Next year I want to see a measurable increase in our decision-making performance under the QCA Code.

End of Memo.

Chair, what’s stopping you from sending a Memo like that?

Yours sincerely,

Your Board Evaluator

Ciarán Fenton

Should HM Cabinet comply with Wates-type governance Principles?

The Cabinet Manual, published by the The Cabinet Office is “a guide to laws, conventions and rules on the operation of government. Chapter 4 puts us in no doubt that the PM can run Cabinet as he or she sees fit:

4.6 Cabinet is established by convention and
does not have specific terms of reference or
powers laid down in legislation.
4.7 The Prime Minister determines and
regulates the procedures of Cabinet,
including when and where meetings take


Even following public rebukes, as Mr Blair received in The Chilcot Report for “sofa style” government during the Iraq War, nothing has changed in the governance of the Cabinet as result of these rebukes.

Some may reasonably argue that it would impossible for Prime Ministers to “get things done” if their hands were tied by complex governance rules or that good decision-making processes necessarily lead to good decisions.

However the purpose of good governance is not to tie hands but create an environment of disciplined decision-making some of which decisions may be wrong but not wrong because of the process.

So, what if the current Cabinet under the the Chairmanship of Prime Minister Jonson were to undertake an immediate “snap” board evaluation and remedial action of matters arising at this time of national crisis using the six Wates Principles as a guide?

I choose The Wates Principles because they are the closest and most appropriate of the three codes currently available to the Cabinet’s analogous corporate modus operandi: a large private company.

Here’s a back-of-an-envelope evaluation of the current Cabinet using the main requirements of The Wates Principles as a guide:

Principle 1 Purpose, Culture & Values, Strategy

While I may disagree with the current purpose of Mr Johnson’s cabinet I can’t accused him or it of lack of clarity on this especially in relation to Brexit and COVID-19. And to be fair, most Cabinets are clear on these, like them or not.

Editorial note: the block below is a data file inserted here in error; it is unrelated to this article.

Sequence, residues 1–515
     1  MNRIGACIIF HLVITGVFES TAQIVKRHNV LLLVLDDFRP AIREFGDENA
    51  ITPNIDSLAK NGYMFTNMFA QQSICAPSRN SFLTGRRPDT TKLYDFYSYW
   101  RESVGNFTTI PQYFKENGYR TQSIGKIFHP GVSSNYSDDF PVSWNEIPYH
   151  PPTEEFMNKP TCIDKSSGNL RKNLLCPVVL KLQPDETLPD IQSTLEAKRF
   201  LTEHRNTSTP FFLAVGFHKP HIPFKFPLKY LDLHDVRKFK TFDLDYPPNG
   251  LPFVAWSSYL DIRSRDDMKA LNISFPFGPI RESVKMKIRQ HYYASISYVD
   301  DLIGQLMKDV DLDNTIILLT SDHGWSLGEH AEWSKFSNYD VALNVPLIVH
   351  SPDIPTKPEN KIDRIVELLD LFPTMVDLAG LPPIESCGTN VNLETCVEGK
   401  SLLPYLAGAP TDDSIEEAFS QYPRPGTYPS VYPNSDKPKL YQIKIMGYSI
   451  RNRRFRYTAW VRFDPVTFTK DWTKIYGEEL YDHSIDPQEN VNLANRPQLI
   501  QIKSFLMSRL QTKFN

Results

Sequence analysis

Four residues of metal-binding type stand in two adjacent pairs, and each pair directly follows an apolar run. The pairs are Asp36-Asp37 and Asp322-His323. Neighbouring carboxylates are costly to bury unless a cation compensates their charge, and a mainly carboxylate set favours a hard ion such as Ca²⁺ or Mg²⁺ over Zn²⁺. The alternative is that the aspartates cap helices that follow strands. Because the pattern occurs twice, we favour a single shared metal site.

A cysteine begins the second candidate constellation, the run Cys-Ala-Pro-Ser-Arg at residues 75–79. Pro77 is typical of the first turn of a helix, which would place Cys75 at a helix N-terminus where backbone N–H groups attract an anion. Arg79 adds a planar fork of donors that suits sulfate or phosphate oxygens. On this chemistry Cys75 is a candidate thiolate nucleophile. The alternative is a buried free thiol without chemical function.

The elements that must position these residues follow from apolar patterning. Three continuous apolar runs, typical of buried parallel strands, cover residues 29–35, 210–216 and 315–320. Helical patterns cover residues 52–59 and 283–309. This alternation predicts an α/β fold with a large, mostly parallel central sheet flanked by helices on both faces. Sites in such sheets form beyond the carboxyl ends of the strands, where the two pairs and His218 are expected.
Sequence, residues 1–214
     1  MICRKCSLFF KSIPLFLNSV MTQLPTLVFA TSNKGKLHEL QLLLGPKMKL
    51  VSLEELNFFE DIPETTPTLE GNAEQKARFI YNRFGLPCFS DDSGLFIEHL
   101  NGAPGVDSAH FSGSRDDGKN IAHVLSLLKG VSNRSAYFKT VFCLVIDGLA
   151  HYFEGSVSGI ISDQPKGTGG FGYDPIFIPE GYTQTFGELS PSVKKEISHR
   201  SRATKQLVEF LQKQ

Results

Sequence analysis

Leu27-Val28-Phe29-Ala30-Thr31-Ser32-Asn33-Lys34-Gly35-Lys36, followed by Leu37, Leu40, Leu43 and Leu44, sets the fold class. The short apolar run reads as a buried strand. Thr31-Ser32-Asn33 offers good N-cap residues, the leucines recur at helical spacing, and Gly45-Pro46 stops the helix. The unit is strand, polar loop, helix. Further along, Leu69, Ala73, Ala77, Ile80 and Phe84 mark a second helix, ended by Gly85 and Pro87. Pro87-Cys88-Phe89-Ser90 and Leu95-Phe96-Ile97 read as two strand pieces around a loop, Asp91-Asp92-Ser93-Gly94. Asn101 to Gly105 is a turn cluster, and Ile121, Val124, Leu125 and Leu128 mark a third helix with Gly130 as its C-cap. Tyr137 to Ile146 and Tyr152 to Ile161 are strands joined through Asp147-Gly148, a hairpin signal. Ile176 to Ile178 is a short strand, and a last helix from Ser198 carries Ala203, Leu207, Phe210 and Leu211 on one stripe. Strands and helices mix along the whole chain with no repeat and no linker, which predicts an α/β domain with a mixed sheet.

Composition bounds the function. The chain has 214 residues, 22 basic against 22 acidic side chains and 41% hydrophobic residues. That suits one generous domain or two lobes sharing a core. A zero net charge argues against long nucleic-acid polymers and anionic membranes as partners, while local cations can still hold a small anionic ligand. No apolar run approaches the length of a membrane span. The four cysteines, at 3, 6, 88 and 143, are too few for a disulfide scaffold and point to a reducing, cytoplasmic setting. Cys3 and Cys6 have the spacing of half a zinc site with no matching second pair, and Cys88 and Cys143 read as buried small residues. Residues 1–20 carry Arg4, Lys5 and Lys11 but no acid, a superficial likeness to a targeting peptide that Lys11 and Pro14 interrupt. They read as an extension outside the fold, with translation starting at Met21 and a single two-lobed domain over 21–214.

But might we all not be safer and better off if there were rules of governance around Cabinet development and execution of strategy in the achievement of its purpose as set out in its manifestos?

Such rules might have avoided oven unready Brexit deals and COVID-19 strategies that fail.

Principle 2 Board Composition

The Wates Principles states that “effective board composition requires an effective chair  and a balance of skills, backgrounds, experience and  knowledge, with individual directors having sufficient  capacity to make a valuable contribution. The size of a  board should be guided by the scale and complexity of  the company”.

Few would argue that some of the best talent on the Tory benches were sacked and that the current Cabinet was chosen for its hard Brexit stance rather than ability. I don’t deny it would be tricky to draft a piece of Cabinet Governance that addressed this issue but a rule requiring some form of “hearing” system on Cabinet appointments would go some way to forcing a Prime Minister to assemble a Cabinet of the best available talent.

Principle 3 Directors Responsibilities

One aspect covered in this Principle that relates to Cabinet is “effective decison-making and independent challenge”. The Chilcot Report highlighted the fact that some Cabinet members were afraid to challenge Mr Blair on the basis that he had won them three elections and must be right. Mr Johnson appears to have chosen Cabinet members likely not to challenge him and his alleged enforcer Mr Cummings. Surely some form of Cabinet Governance could at least reduce the likelihood of this happening?

David Owen in his book Cabinet’s Finest Hour writes “It is the strength of Churchill’s period as wartime Prime Minister that he did not try to bypass either Cabinet or Parliament”. Would we not feel safer if there were rules in place to prevent a Prime Minister even trying?

Principle 4 Opportunity & Risk

There appears to be no rules around risk management in Cabinet. Is there even a risk register? At any stage was the risk of a no deal Brexit RAG-ed RED? Are the risk pros and cons of each key decision discussed and minuted? I suspect not and the “Red Risks” mount.